In this ambitious book, acclaimed writer Marilynne Robinson applies her astute intellect to some of the most vexing topics in the history of human thought — science, religion, and consciousness. Crafted with the same care and insight as her award-winning novels, Absence of Mind challenges postmodern atheists who crusade against religion under the banner of science. In Robinson’s view, scientific reasoning does not denote a sense of logical infallibility, as thinkers like Richard Dawkins might suggest. Instead, in its purest form, science represents a search for answers. It engages the problem of knowledge, an aspect of the mystery of consciousness, rather than providing a simple and final model of reality.
By defending the importance of individual reflection, Robinson celebrates the power and variety of human consciousness in the tradition of William James. She explores the nature of subjectivity and considers the culture in which Sigmund Freud was situated and its influence on his model of self and civilization. Through keen interpretations of language, emotion, science, and poetry, Absence of Mind restores human consciousness to its central place in the religion-science debate.
Twenty-four years after her first novel, Housekeeping, Marilynne Robinson returns with an intimate tale of three generations from the Civil War to the twentieth century: a story about fathers and sons and the spiritual battles that still rage at America's heart. Writing in the tradition of Emily Dickinson and Walt Whitman, Marilynne Robinson's beautiful, spare, and spiritual prose allows "even the faithless reader to feel the possibility of transcendent order" (Slate). In the luminous and unforgettable voice of Congregationalist minister John Ames, Gilead reveals the human condition and the often unbearable beauty of an ordinary life.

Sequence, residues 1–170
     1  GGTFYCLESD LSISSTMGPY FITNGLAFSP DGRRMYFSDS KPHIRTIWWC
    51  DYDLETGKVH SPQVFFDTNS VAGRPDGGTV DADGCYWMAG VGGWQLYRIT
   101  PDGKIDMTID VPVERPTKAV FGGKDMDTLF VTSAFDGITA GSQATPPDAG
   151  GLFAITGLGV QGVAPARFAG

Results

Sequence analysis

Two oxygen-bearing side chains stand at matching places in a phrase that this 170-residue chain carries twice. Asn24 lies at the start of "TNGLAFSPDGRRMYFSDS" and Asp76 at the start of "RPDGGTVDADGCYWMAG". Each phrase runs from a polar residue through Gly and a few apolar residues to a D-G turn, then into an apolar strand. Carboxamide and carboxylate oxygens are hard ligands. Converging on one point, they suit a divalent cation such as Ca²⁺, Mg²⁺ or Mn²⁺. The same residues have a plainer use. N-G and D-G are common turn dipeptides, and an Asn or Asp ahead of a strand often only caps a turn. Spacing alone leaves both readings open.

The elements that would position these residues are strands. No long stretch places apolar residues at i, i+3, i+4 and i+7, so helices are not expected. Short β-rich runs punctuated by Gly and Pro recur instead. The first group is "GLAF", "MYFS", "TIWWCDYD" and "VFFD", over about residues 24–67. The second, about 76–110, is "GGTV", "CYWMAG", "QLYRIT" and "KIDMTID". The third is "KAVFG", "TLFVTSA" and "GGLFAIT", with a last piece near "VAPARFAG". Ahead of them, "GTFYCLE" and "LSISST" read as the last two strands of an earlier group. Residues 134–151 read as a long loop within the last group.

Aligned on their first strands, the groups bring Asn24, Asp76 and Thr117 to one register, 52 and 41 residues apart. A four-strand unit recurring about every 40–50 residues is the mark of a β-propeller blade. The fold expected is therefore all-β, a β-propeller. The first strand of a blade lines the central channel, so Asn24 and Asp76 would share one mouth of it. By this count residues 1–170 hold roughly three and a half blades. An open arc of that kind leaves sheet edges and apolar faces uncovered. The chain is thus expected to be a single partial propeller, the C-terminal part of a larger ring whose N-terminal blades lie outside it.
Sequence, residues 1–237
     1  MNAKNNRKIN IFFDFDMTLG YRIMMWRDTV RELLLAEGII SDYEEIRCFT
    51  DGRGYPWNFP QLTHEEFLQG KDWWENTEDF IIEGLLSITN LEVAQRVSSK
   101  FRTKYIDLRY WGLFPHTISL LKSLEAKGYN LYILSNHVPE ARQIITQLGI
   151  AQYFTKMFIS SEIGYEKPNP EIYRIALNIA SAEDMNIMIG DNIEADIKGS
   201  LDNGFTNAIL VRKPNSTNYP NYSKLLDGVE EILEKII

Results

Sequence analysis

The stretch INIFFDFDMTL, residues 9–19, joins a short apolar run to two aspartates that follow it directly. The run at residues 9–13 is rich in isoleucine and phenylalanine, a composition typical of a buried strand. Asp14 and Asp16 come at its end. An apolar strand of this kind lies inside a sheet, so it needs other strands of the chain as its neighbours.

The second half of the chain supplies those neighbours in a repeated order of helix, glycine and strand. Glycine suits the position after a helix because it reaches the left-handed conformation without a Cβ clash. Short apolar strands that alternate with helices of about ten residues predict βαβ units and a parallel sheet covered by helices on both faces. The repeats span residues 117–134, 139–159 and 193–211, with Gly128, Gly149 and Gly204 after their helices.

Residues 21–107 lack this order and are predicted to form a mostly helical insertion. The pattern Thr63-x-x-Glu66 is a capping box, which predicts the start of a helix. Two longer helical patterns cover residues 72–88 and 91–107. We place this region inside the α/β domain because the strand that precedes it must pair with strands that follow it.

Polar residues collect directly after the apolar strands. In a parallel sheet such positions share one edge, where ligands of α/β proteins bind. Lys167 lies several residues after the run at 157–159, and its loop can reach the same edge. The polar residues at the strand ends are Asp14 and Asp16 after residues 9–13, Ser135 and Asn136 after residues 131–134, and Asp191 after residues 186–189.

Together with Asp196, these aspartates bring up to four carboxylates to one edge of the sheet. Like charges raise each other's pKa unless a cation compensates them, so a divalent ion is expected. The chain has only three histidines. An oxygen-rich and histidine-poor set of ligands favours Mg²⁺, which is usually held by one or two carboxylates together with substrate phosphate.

Hundreds of thousands were enthralled by the luminous voice of John Ames in Gilead, Marilynne Robinson's Pulitzer Prize — winning novel. Home is an entirely independent, deeply affecting novel that takes place concurrently in the same locale, this time in the household of Reverend Robert Boughton, Ames's closest friend.
Glory Boughton, aged thirty-eight, has returned to Gilead to care for her dying father. Soon her brother, Jack — the prodigal son of the family, gone for twenty years — comes home too, looking for refuge and trying to make peace with a past littered with tormenting trouble and pain.
Jack is one of the great characters in recent literature. A bad boy from childhood, an alcoholic who cannot hold a job, he is perpetually at odds with his surroundings and with his traditionalist father, though he remains Boughton’s most beloved child. Brilliant, lovable, and wayward, Jack forges an intense bond with Glory and engages painfully with Ames, his godfather and namesake.
Home is a moving and healing book about families, family secrets, and the passing of the generations, about love and death and faith. It is Robinson's greatest work, an unforgettable embodiment of the deepest and most universal emotions.
Marilynne Robinson, one of the greatest novelists of our time, returns to the town of Gilead in an unforgettable story of a girlhood lived on the fringes of society in fear, awe, and wonder.
Lila, homeless and alone after years of roaming the countryside, steps inside a small-town Iowa church — the only available shelter from the rain — and ignites a romance and a debate that will reshape her life. She becomes the wife of a minister, John Ames, and begins a new existence while trying to make sense of the days of suffering that preceded her newfound security.